September 27, 2023

Legendary investor, Robert Arnott, defines a stock bubble as a stock that is trading at impossible growth assumptions and the next investor in the stock is unconcerned with the fundamentals of the company. I bring up bubbles because many would say the NASDAQ 100 stock index (heavy in technology stock) is in bubble range as it is up +33% year-to-date, even though it has declined for the last several weeks. For example, the valuation of artificial intelligence darling stock NVIDIA is trading at an implausible 33 times sales. For comparison, other quality companies, such as APPLE, are trading at a mere 7 times sales, while a very large bank, J.P. Morgan, is trading at 3 times sales.

Corporations have seemingly kept their profit figures growing but with costs continuing to rise, profit margins are being squeezed. Many analysts have shown that the quality of earnings has declined—meaning companies are keeping those earnings high through legitimate financial engineering. I say legitimate because while the practice is perfectly legal and within GAAP accounting procedures, it is a more aggressive strategy, especially given the large and growing discrepancy between reported earnings and cash flows. In addition, the dollar continues to strengthen, and oil has increased 35% over the past several months, helping keep inflation stubbornly high. Leading economic indicators have been running negative for the past 14 months while the FED has increased interest rates five full percentage points with possibly another to come. For the math whiz reading this, the 'base effects' distortion of inflation coming down so rapidly in the first eight to nine months of 2023, results, as much as anything, from lower inflation in the latter part of 2022. Thus, each 12-month look-back period showed lower inflation in 2023. Such positive comparisons for the remainder of this year will be harder to come by, and our view is that inflation will persist at heightened levels longer than many believe. Lastly, government deficits now running close to 3% of GDP have led to another credit ratings downgrade, this time by the Fitch bond rating service, and a possible government shutdown looms.

There are plenty of headlines that would seem to fly in the face of why growth stocks in general should be up 33%+ this year when much of their earnings growth is in the future, and interest rates will not return to the 2-3% range for years, if ever, for corporate borrowing. And we're not actually negative on the future! In fact, we're delighted with the amount and variety of new technologies, medical therapies, and innovations that are coming, and we believe these will be enormously beneficial to the economy, workers and organizations. But it all takes time to get there, just as the dot-com hype from the late 1990s developed 15 or more years later into a smartphone where I can now watch football games! The glass is not half-empty, it’s half-full; but certain sectors of the market seem to be trading unconnected with their fundamentals, a situation for those stocks that almost always leads to a bad outcome.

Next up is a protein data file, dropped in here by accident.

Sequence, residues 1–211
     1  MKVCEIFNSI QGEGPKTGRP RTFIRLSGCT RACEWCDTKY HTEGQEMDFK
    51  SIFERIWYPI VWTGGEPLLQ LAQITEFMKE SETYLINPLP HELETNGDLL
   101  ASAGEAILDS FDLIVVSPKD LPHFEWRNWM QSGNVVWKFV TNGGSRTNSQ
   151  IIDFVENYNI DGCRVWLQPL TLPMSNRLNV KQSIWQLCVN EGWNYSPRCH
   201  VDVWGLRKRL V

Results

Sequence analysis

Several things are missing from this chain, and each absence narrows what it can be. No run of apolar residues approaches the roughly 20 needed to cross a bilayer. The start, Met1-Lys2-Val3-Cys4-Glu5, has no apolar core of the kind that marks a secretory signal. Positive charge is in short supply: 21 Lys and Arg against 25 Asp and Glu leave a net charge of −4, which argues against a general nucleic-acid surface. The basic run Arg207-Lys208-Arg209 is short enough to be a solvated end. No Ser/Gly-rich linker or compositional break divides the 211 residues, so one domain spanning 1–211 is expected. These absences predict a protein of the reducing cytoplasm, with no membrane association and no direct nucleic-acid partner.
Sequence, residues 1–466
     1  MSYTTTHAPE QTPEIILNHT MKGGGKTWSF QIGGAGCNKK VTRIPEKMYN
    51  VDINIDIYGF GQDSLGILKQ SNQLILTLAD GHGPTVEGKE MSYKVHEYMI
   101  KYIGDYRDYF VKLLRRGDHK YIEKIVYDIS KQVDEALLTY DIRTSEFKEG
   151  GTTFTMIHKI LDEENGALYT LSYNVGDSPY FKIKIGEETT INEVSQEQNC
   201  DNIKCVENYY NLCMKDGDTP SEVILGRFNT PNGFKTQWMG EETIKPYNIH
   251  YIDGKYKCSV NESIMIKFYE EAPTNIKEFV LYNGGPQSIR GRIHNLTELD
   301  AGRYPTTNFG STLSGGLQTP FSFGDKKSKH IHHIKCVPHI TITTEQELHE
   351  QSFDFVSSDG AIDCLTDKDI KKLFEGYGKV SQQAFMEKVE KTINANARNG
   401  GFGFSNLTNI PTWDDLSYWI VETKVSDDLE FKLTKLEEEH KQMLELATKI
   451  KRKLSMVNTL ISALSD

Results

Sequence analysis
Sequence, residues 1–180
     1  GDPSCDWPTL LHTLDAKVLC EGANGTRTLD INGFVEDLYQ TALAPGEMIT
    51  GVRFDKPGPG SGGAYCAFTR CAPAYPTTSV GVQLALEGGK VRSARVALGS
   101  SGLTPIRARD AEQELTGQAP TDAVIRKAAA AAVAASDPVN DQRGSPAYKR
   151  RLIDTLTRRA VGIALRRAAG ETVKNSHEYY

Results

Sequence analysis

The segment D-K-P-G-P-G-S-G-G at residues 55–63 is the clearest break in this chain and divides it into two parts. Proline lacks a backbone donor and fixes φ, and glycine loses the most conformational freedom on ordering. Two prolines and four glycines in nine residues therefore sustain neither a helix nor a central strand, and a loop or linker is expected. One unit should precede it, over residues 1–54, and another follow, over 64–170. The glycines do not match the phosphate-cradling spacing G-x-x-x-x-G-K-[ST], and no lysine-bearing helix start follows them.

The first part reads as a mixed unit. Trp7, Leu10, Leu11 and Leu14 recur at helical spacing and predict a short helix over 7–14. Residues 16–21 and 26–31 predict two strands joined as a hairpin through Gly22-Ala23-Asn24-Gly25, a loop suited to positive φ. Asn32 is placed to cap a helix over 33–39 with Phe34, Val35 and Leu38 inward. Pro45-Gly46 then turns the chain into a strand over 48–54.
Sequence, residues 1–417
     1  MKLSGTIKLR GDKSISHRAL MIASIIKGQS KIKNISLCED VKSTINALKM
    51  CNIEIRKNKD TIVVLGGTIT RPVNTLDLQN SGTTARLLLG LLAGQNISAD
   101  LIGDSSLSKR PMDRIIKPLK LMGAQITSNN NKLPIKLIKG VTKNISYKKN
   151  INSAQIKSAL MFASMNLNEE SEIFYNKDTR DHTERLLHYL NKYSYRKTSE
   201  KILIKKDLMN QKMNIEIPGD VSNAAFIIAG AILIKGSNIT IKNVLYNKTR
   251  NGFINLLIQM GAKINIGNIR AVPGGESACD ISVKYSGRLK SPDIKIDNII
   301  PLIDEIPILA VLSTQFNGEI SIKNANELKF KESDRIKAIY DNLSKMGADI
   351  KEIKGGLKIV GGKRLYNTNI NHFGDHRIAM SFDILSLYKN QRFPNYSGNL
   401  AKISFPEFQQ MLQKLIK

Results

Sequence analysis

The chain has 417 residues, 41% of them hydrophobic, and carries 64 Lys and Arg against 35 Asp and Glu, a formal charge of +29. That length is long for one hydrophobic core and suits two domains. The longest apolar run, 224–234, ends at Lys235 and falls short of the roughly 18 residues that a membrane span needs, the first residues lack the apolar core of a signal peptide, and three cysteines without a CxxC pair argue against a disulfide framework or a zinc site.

The economic highlight has been the resilience of the labor market, where unemployment has barely ticked up to 3.8%, even with much higher interest rates. Such higher rates are good news for savers as the amount of potential interest to be earned dwarfs the cost of interest paid by borrowers. We’ve all heard stories about those with massive credit card, student loans, or other strangling debts. But across the entire country, there are over $15 trillion in bank deposits alone, while the total of all revolving debt, auto loans and any other non-mortgage borrowings is under $7 trillion. The FED has committed to keeping interest rates higher for longer, until inflation is firmly within its 2% target. Whether such slowing causes a recession is unknown. To trade on a recession you have to know when it's going to start, how long it's going to last, how deep it will be, and how much of it is already priced into the market, all factors that are unknowable. Thus, we continue to believe in paying close attention to those things that are knowable and that we can control, including paying attention to your budget/cash flow, your borrowing levels, keeping your portfolio widely diversified and maintaining a steady cash cushion. We wish you and your families an enjoyable fall season.